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Ancient four-legged whales knew how to hoof it
— on land
By Hannah Devlin, The Guardian, adapted by Newsela staff on 04.15.19
Word Count 560
Level 1210L
The latest fossil proves that early whales could swim for days or possibly weeks at a time while retaining their ability to rove around on land.
Photograph: A. Gennari/CellPress
Scientists have discovered the remains of an ancient four-legged whale with hooves. The find
provides new insights into how the ancestors of the Earth's largest mammals made the transition
from land to sea.
The giant 42.6-million-year-old fossil was discovered in marine sediments along the coast of Peru.
It appears to have adapted to a semi-aquatic lifestyle. Its hoofed feet and the shape of its legs
suggest it would have been capable of bearing the weight of its bulky 13-foot-long body and
walking on land. Other anatomical features, including a powerful tail and webbed feet similar to
an otter, suggest it was also a strong swimmer.
"Whales are this iconic example of evolution," said Travis Park, an ancient whale expert at the
Natural History Museum in London, England, who was not involved in the latest study. "They
went from small hoofed mammals to the blue whale we have today. It's so interesting to see how
they conquered the oceans."
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Older and smaller whale ancestors with four limbs had been discovered previously. However, the
latest specimen fills in a crucial gap in knowledge about how the creatures evolved and spread
throughout the world's oceans.
"Other examples from this time were more fragmentary, less complete specimens," said Belgian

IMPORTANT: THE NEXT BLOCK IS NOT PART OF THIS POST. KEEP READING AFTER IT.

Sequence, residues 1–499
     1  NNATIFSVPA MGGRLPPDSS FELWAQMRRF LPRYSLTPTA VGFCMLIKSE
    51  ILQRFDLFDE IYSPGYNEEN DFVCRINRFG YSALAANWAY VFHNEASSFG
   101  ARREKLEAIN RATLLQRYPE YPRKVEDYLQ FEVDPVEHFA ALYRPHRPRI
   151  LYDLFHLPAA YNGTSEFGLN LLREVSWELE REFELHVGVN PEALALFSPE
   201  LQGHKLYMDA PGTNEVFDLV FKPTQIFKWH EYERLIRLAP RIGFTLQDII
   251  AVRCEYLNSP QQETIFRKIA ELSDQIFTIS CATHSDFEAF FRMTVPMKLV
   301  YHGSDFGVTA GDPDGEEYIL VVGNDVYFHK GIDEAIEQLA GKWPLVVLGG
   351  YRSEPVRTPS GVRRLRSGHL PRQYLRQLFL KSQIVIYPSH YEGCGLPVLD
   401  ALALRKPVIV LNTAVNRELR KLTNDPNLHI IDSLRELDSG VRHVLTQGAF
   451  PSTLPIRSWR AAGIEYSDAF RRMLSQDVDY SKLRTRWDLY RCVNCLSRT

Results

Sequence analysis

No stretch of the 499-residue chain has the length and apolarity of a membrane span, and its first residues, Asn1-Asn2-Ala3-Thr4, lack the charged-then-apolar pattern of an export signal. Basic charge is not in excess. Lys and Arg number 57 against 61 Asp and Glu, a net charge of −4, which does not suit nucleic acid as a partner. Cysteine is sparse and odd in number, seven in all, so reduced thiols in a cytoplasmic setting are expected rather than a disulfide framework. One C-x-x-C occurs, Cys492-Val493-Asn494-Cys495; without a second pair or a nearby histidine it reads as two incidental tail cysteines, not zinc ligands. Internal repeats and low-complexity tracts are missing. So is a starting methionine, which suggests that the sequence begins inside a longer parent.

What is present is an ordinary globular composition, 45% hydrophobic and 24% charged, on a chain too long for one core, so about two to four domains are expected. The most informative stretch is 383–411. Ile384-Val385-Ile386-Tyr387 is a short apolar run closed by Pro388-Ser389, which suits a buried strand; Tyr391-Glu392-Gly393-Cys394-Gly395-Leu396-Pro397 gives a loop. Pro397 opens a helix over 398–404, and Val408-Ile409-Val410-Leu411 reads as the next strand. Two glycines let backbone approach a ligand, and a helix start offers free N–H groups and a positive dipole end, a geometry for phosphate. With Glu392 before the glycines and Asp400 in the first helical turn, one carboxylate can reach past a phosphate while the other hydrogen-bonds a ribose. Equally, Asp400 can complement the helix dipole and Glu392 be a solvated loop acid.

scientist Olivier Lambert, who led the team that made the latest discovery. "We didn't have a clear
indication about their swimming and walking abilities."
On Land, And At Sea
The latest specimen proves that early whales had it both ways. They could swim for days or
possibly weeks at a time while retaining their ability to rove around on land.
"Even though it could swim in the water with no problem, it still had little hooves on its fingers
and toes," said Park. "It'd be a lot more capable than seals at getting around on land."
Its sharp teeth and long snout suggest the early whales may have eaten fish or crustaceans.
The location of the latest discovery is also critical. Previously, far older whale ancestors dating to
about 53 million years ago have been discovered in India and Pakistan. Until now scientists have
disputed when and how whales first dispersed to the Americas and beyond.
The Peruvian fossil suggests the first whales crossed the South Atlantic. They would have been
helped by westward surface currents and the fact that, at the time, the distance between the two
continents was half what it is today.
Did They Have Flukes?
The fossil is nearly complete. However, the last few tail vertebrae are missing, so it's not clear if the
creature's tail featured the large paddle, known as a fluke, that allows some modern whales to
power themselves along at speeds of more than 30 miles per hour. In any case, it must have been
an accomplished swimmer to have survived for days or even weeks at sea.
The newly discovered species of whale has been named Peregocetus pacificus, meaning "the
traveling whale that reached the Pacific."
According to Lambert, it is likely that whales would initially have had to return to land for certain
activities such as mating and giving birth to young. The first fully aquatic whales emerged around
41 to 35 million years ago, and became the new kings of the sea — a position once held by the
marine reptiles, who became extinct 66 million years ago, along with the dinosaurs.
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